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Golf War: Don Johnson and Kevin Costner both take a swing at romance with Rene Russo in "Tin Cup."

Ron Shelton beats the course record to make the first good movie about golf

By Allen Barra

THERE'S AN old sportswriting adage that goes: "The smaller the ball, the better the book"--to which some anonymous wag added, "Which is why there's never been a good book about beach ball." To share this belief, one has to have the time to pursue golf avidly. Or at least one has to have time to read about it; I know people who have never picked up a nine iron who would swear that Dan Jenkins' Dead Solid Perfect ranks with Ring Lardner's You Know Me, Al, Bernard Malamud's The Natural and Kevin Baker's Sometimes You Can See It Coming among the handful of best sports-related fictions ever.

There must be some inverse rule regarding sports movies, because outside of about 30 minutes of good footage in Caddyshack, there's never been a good golf movie. Until Ron Shelton's Tin Cup, that is. Tin Cup taps into that lazy, redneck-Zen quality of golf that's unknown to the northeast and West Coast, where the game is inseparable from Republican lawn parties. Shelton (who grew up in Louisiana and Southern California) has placed his lead character, Roy McAvoy, in a ramshackle West Texas golf range, where he caters to the guys who can't quite afford the country clubs. Roy (Kevin Costner) is a former college hotshot who could never quite make it on the pro circuit--precisely why is the subject of the movie.

One day a psychotherapist named Molly Griswold (Rene Russo) ambles in for golf lessons. Molly is a shrewd, no-bullshit charmer who wants to learn golf, and Roy can't see the bad news in any of this. The drawback turns out to be her boyfriend, David Simms, played by a grinning Don Johnson, a perennial also-ran golf pro.

Roy and David are acquaintances and old foes, and Costner and Johnson play them from the inside out. They're not really like two halves of the same character; they're more like the kind of characters Henry James would have written if he'd been Dan Jenkins. There's a funny and slightly eerie quality to the way Costner looks at Johnson, sort of the way the protagonist in James' "The Jolly Corner" might have looked at the ghost of the self he might have become. Roy looks at David, a semi-successful, soulless version of himself, and decides that the effort to turn himself into David wouldn't have been worth it. He wants to win, but on his own terms--and his own terms are what prevents him from being a success in the eyes of the world.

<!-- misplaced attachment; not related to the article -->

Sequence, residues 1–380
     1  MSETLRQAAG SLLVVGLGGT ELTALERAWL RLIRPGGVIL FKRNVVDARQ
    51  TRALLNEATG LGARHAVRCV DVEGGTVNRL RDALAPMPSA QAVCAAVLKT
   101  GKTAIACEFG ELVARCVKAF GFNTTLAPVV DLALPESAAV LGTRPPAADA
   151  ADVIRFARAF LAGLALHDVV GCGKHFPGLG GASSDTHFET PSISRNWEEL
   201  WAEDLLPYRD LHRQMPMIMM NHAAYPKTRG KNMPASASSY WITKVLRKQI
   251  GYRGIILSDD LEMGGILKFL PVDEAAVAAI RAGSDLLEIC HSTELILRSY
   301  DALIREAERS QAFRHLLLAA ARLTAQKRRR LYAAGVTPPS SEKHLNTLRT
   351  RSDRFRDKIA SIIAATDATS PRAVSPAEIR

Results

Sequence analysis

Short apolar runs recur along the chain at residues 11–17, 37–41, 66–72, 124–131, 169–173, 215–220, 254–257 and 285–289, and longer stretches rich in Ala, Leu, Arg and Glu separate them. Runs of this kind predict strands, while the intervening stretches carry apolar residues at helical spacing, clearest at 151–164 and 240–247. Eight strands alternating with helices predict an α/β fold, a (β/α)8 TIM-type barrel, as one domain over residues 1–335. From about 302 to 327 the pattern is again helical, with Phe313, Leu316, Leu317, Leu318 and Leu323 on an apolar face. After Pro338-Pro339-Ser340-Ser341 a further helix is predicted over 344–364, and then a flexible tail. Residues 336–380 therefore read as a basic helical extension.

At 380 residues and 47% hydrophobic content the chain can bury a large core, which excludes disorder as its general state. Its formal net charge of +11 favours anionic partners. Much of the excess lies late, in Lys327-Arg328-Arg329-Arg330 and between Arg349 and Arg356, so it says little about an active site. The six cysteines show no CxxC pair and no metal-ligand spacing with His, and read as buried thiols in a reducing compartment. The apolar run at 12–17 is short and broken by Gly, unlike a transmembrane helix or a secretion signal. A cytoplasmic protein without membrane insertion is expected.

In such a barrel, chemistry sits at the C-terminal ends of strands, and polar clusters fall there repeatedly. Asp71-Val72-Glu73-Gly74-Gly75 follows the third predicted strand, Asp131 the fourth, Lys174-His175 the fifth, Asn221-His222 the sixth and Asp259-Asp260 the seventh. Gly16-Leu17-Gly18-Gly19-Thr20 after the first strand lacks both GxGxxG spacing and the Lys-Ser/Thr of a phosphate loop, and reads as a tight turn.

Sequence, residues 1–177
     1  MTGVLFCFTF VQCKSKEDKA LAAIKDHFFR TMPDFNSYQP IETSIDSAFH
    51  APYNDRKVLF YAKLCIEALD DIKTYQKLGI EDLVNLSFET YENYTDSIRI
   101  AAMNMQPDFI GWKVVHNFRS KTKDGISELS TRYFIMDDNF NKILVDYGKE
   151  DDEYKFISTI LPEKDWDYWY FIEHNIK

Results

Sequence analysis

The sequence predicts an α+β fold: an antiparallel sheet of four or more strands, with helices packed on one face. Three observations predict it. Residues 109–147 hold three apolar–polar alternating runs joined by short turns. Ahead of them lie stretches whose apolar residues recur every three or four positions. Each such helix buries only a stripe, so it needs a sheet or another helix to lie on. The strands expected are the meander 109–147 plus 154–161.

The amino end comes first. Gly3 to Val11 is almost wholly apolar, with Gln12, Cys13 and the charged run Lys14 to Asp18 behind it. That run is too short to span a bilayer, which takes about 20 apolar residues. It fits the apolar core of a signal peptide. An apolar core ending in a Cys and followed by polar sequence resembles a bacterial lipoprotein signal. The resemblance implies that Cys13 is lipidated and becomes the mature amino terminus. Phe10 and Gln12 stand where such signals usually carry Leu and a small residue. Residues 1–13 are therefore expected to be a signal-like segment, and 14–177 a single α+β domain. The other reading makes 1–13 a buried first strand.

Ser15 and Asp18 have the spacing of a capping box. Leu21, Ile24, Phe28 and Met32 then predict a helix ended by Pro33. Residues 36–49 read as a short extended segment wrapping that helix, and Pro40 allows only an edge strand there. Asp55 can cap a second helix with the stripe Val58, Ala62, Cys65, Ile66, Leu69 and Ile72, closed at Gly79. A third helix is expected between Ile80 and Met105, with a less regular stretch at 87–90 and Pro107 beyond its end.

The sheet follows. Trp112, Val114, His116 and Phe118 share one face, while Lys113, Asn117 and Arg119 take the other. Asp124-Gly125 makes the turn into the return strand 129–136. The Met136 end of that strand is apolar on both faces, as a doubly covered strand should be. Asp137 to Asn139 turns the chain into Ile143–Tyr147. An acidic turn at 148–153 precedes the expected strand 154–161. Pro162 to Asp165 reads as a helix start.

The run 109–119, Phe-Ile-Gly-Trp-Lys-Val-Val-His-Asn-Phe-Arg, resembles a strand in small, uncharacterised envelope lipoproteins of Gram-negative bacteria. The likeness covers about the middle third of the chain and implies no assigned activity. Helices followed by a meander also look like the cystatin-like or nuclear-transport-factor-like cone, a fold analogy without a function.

But not, he hopes, in the eyes of Molly Griswold. Roy, in order to gain Molly's attention, gets himself into the U.S. Open. It's the only element in the picture that seems far-fetched, but a plot has to have some impetus, and Shelton doesn't milk it for the usual big-finish melodramatic sports hokum. In fact, it's the first original ending to a sports-related film I can recall since, well, since the last Ron Shelton film I saw (Cobb) and the one before that (White Men Can't Jump).

More than The Hustler, and more even than James Toback's script for The Gambler, Shelton (a former minor-league ballplayer) understands the strange rhythms of competition and why some men aren't satisfied with just winning.

Kevin Costner, as he showed in Bull Durham, is very good at catching the nuances in Shelton's characters. In fact, after seeing him in Robin Hood and Wyatt Earp, I'm convinced that's all he's good at. He understands noble losers, but when he tries to play winners on screen, he comes off as shallow as Don Johnson's David. Shelton has given him a terrific character to play, a spiritual twin to Bull Durham's Crash Davis but with the talent that Crash didn't have.

Tin Cup is a miniature. Its world is narrow, and its pleasures are small--rather like those of golf itself. Shelton has now written the best script for a golf movie, for baseball movies (Bull Durham and Cobb), for a football movie (The Best of Times with Kurt Russell and Robin Williams) and a basketball movie (White Men Can't Jump). I'm with him until he takes on soccer.


Tin Cup (R; 130 min.), directed and written by Ron Shelton, photographed by Russell Boyd, and starring Kevin Costner, Don Johnson, Rene Russo and Cheech Marin.

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From the August 22-28, 1996 issue of Metro

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